The second-place Chicago White Sox will do just about anything to stay up where the air is clean and the fans are cheering.
So what if the White Sox defense is atrocious and the team ERA is 4.07? Who cares if the club's coltish base-runner is suicidal and its seven .300 hitters are almost unknown?
Once you've lived six months in a cellar, the way the Chisox did last season, you'll do anything to play in the sunshine.
So today it was Jim Essian, a second-string catcher with a penchant for rule-bending plays, who flimflammed the White Sox to an 11-inning 6-4 victory over the Baltimore Orioles.
The Orioles were ahead, 5-4, with two out in the bottom of the ninth when Pat Kelly attempted to steal home.
With Al Bumbry on first and Kelly on third, a base he had achieved on a scratch hit, a sacrifice and a fade-away slide steal of third, the Orioles tried a double steal.
Kelly got an enormous jump on lefthander Dave Hamilton.
So Essian took the only gamble available. He leaped from his crouch an instant before Hamilton released the pitch and jumped astride home plate. The naked, disbelieving eyes of 16,409 fans (and a half-dozen slow motion replays) saw Essian with his left foot touching home, his right beside it and his glove a foot in front of the plate to catch Hamilton's fast ball.
The righthanded batter, rookie Billy Smith, was so shocked at the sudden company that he stepped in the bucket, removing himself from the play and leaving the way clear for Essian to tag the head-first sliding Kelly out by a whisker.
"I had to do it," said Essian. "If Smith had swung the bat, my head would have been a line drive into center field and it would have been interference on me and the game would have been over. But I think the play was so close that I couldn't have gotten Kelly any other way."
What neither Essian, Smith, umpire Ken Kaiser nor Oriole manager Earl Weaver realized was that Essian had violated an obscure rule - number 7.07 - that covers something called "a catcher's balk."
"If, with a runner . . . trying to score by means of a . . . steal, the catcher . . . steps on, or in front of home base without possession of the ball, or touches the batter or his bat," says the rule," the pitcher shall be charges with a balk, the batter shall be awarded first base on the interference and the ball is dead."
"What did the replay show? What's the rule?" Essian asked after the game, still grinning. "I was wondering what I did."
Actually, Essian is a master of deceitful premeditation in such situations and is proud of it. A week ago he thwarted a first-and-third double steal by pegging the white sponge in his catcher's mit toward second as a decoy, then picked a runner off third with the ball.
"I told the umpire I might do it," chuckled Essian. "He said it was unprofessional, but not against the rules."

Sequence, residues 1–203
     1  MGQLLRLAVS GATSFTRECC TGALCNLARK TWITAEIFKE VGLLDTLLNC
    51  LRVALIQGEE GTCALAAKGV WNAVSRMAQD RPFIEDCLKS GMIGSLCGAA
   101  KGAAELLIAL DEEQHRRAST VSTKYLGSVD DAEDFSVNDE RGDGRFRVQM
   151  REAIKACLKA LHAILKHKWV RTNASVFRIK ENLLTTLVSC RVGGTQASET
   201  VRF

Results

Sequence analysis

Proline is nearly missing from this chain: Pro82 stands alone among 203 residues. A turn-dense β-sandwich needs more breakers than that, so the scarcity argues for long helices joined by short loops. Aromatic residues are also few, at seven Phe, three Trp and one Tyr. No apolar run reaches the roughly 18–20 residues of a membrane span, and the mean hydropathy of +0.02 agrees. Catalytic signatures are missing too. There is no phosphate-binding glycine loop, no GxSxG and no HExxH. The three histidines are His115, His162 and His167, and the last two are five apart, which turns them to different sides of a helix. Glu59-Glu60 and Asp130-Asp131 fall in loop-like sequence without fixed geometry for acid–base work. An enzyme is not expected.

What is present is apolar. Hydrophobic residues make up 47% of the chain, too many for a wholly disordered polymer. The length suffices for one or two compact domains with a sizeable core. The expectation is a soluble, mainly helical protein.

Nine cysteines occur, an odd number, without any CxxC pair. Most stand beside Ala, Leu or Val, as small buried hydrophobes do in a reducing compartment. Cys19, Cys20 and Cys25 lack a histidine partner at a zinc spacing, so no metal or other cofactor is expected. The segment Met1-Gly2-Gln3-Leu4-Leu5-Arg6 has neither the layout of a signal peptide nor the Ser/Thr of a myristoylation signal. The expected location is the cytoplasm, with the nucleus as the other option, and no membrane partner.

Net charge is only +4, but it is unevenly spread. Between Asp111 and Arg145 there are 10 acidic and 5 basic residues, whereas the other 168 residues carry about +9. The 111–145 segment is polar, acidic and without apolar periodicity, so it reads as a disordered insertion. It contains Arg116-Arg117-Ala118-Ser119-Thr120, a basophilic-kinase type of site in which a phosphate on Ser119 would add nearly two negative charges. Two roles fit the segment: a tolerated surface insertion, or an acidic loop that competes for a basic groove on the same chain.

The Chisox don't quibble over such ethical distinctions. They'll leave the opposition and the umpires in a quandary anyway they can.
Umpire Kaiser admitted after the game, "I had to watch the pitch, the batter, the catcher and the runner on that play. I honestly don't know if Essian stepped on the plate or got his glove in front of it. I'd have to say he stayed behind it.
"It took 10 guys in the press box 15 minutes, four replays and a rule book to figure it out, and I had one fiftieth of a second," said the rookie umpire. "Nevertheless, a rule is a rule and I'll wonder about this one."
Today's Chicago victory was a typical White Sox product. Their bats produced a dozen hits, including two home runs, to overcome a multitude of sins. "That's the way we play," said reliever Bert Johnson. "We just beat the ball and hope our mistakes don't kill us."
The O's, after 10 innings of defensive magic, finally made a faux pas in the 11th and that was all the White Sox - who led the major leagues in both average (.289) and runs when they came to town Friday - needed to get two unearned runs.
Smith, the man who failed to stroke Essian's head into center field, booted a Chet Lemon grounder to start the 11th. Lemon promptly stole second and took third when Smith failed to flag Dempsey's one-hop throw.
Loser Dennis Martinez eventually wild-pitched home Lemon with the winning run, while Oscar Gamble singled in an insurance run later in the inning.
It seemed impossible that the White Sox - called The South Side Hit Men for their high averages and The Blue Monsters for their navy uniforms - even to the 11th inning.
In the first inning they gave the O's a three-run gift, when center fielder Lemon misplayed a two-out Lee May bloop into a single, then kicked an Eddie Murray single off his shine to let May score. Lemon also missed the plate by 40 feet with his throw to home. Pure Chisox.
And it was also pure White Sox that Lemon should atone for his fielding by knocking out starter Ross Grimsley with a two-run opposite-field homer that tied the game 4-4 in the sixth.
The most offensive Sox defender, however, was shortstop Alan Bannister who made two errors (that's seven in his last seven games) and misplayed two other balls. But like any good Chicagoan, he forgave himself instantly and merely tagged two singles and a home run off the foul pole.
"All we think about is hitting," explained ex-Oriole Royal Stillman. "We're weak fundamentally. That may hurt us as the season goes on."
Certainly any team that in built on .300 hitters of as little renown as Bannister, Essian, Lamer Johnson, Lemon and Eric Soderholm, is winning on borrowed time.
Like Al Capone's boys with the Untouchables on their tail, these South Side hit men in their menacing, almost black uniforms know they are prospering outside the bounds of baseballs' rigid laws.
"We don't do things the approved way," said reliever Johnson. "Today was typical. Win a game in the 11th that maybe we really lost in ninth. Playing with us is like sitting on a time bomb. Maybe we'll go up in smoke, and, hey, mabye we'll get even better."